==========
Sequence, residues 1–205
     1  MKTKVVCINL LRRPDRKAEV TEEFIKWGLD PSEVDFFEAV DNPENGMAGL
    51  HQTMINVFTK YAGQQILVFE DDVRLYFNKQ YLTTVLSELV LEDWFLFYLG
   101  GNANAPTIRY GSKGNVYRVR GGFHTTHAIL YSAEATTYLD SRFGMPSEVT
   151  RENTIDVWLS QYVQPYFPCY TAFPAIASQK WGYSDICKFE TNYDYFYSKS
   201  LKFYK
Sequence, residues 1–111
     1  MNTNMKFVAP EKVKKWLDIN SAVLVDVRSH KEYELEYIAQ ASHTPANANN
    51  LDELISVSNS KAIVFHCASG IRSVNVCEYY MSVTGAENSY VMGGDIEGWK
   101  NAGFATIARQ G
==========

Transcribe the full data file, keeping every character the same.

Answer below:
Sequence, residues 1–205
     1  MKTKVVCINL LRRPDRKAEV TEEFIKWGLD PSEVDFFEAV DNPENGMAGL
    51  HQTMINVFTK YAGQQILVFE DDVRLYFNKQ YLTTVLSELV LEDWFLFYLG
   101  GNANAPTIRY GSKGNVYRVR GGFHTTHAIL YSAEATTYLD SRFGMPSEVT
   151  RENTIDVWLS QYVQPYFPCY TAFPAIASQK WGYSDICKFE TNYDYFYSKS
   201  LKFYK
Sequence, residues 1–111
     1  MNTNMKFVAP EKVKKWLDIN SAVLVDVRSH KEYELEYIAQ ASHTPANANN
    51  LDELISVSNS KAIVFHCASG IRSVNVCEYY MSVTGAENSY VMGGDIEGWK
   101  NAGFATIARQ G